UK railway workers vote overwhelmingly to strike

UK railway workers vote overwhelmingly to strike Image: CCNetworkRail

The RMT Union confirmed today Tuesday, May 24 that members had voted overwhelmingly to strike, moving the union one-step closer to a walkout.

If the strike goes ahead it will be the biggest in decades and is likely to impact travel schedules heavily, although the government and rail operator, Network Rail, have said they are working on contingency plans to limit disruption.

Any strike action will cover both passenger and freight movements, which will result no only in commuters being inconvenienced, but quite possibly the availability of some products on supermarket shelves.

Underpinning the vote for strike action are three issues, union: pay, compulsory redundancies and concerns over safety with rail operators looking to reduce staff numbers on each service.

Rail Network and train operators have been told by the government that they need to make savings after the companies were bankrolled during the pandemic lockdowns. The cost of propping these companies up is put at around £16 billion €18.7 billion) by the Department for Transport.

The rail operator’s plans to implement savings have yet to be made public, however the union has already argues that these would lead to job cuts and safety compromises.

The RMT also believes that its members deserve a negotiated pay settlement that is more commensurate with the rise in the cost of living, with a pay freeze having been in place since 2020.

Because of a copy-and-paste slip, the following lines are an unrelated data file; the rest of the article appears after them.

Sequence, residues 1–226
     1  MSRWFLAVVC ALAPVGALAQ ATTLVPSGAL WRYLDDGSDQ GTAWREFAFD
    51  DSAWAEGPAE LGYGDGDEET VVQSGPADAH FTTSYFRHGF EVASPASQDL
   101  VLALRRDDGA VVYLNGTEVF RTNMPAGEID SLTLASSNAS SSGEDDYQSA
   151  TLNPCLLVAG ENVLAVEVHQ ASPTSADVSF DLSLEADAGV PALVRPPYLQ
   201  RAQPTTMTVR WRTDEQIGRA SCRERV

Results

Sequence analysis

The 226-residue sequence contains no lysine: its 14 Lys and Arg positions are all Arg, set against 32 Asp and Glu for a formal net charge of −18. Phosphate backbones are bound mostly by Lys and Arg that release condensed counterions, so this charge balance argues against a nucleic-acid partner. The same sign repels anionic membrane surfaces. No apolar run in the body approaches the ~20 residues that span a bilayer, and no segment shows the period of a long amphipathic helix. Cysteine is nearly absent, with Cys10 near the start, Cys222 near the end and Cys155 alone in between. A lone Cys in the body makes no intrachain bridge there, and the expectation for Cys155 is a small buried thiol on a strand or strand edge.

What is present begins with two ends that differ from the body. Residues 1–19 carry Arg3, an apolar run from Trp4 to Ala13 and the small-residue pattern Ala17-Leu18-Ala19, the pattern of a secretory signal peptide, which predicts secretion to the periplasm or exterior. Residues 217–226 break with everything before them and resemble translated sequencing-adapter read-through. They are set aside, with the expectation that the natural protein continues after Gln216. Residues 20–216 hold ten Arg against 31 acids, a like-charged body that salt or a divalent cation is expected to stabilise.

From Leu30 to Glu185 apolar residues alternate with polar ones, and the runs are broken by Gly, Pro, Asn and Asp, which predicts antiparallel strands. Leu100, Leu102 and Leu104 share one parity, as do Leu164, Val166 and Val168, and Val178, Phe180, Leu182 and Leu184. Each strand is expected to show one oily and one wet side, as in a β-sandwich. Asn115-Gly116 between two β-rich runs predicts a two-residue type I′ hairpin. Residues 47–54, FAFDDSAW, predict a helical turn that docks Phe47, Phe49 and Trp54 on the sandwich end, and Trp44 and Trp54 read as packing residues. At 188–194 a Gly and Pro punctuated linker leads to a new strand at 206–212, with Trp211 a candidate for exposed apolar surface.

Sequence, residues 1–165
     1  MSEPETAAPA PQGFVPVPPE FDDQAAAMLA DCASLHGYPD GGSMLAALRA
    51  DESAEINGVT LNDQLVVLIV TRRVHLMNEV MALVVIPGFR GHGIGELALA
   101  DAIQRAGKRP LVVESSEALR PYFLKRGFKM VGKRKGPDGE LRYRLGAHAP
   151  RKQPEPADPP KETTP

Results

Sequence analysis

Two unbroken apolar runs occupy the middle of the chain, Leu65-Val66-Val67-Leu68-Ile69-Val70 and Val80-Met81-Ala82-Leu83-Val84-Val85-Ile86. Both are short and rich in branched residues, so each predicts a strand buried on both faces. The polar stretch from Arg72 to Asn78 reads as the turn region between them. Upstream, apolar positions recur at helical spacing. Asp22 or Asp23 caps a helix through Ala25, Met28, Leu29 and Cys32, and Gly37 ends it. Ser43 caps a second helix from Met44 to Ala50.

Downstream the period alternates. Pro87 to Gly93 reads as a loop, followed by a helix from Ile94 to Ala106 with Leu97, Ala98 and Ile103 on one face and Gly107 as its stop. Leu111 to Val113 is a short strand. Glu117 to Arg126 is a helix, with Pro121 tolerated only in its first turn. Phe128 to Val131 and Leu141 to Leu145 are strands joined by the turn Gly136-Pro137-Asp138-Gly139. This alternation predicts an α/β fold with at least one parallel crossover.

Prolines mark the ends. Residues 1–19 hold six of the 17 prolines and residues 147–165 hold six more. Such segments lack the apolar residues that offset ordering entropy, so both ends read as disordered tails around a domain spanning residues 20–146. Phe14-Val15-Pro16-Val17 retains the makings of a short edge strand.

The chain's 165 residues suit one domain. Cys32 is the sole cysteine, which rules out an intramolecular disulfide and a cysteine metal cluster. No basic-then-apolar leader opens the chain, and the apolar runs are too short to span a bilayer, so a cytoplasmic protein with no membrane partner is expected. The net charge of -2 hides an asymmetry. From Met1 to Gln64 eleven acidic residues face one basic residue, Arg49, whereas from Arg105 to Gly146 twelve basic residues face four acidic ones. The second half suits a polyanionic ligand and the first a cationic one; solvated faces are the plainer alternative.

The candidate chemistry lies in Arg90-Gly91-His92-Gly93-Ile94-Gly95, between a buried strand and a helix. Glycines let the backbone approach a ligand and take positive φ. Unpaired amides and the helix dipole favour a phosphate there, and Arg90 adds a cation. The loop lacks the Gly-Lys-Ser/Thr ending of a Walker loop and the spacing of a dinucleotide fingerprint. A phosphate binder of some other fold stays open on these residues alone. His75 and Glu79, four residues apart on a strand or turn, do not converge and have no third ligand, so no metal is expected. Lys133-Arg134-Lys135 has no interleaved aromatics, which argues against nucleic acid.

No strike has been called as yet, with the union wanting to meet with ministers and industry leaders to try and find a satisfactory solution.

Grant Shapps, the Transport Secretary, told Sky News earlier on Tuesday that any widespread strike could give a “heart attack” to a network already on life support and that any such action would be “very, very premature”.

Shapps comments in a Sunday Telegraph interview suggest the government was looking at drawing up legislation that would ensure minimum service levels during industrial action, a move that has angered union leaders.

The government’s contingency plans are said to give priority to freight traffic to ensure that supermarket shelves are stocked, and that supply chains are affected as little as possible.

Neither party has said when they expect to meet after the railway workers vote to strike was confirmed today.


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Written by

Peter McLaren-Kennedy

Originally from South Africa, Peter is based on the Costa Blanca and is a web reporter for the Euro Weekly News covering international and Spanish national news. Got a news story you want to share? Then get in touch at [email protected]

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